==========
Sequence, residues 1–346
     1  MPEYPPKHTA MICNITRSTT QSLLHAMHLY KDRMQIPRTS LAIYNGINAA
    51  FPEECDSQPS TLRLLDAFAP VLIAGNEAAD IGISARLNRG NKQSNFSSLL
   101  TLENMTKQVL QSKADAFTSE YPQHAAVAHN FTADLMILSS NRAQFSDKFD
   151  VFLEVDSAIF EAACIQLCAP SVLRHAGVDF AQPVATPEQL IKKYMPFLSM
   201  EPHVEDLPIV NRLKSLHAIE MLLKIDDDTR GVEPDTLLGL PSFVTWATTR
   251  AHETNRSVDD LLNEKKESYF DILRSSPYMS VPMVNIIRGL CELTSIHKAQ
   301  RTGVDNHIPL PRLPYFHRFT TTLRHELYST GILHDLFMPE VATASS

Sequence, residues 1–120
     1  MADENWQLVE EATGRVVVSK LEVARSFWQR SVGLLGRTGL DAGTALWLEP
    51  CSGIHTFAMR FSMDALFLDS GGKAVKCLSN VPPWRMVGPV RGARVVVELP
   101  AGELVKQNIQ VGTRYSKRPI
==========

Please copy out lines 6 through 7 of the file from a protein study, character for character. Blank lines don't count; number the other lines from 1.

   201  EPHVEDLPIV NRLKSLHAIE MLLKIDDDTR GVEPDTLLGL PSFVTWATTR
   251  AHETNRSVDD LLNEKKESYF DILRSSPYMS VPMVNIIRGL CELTSIHKAQ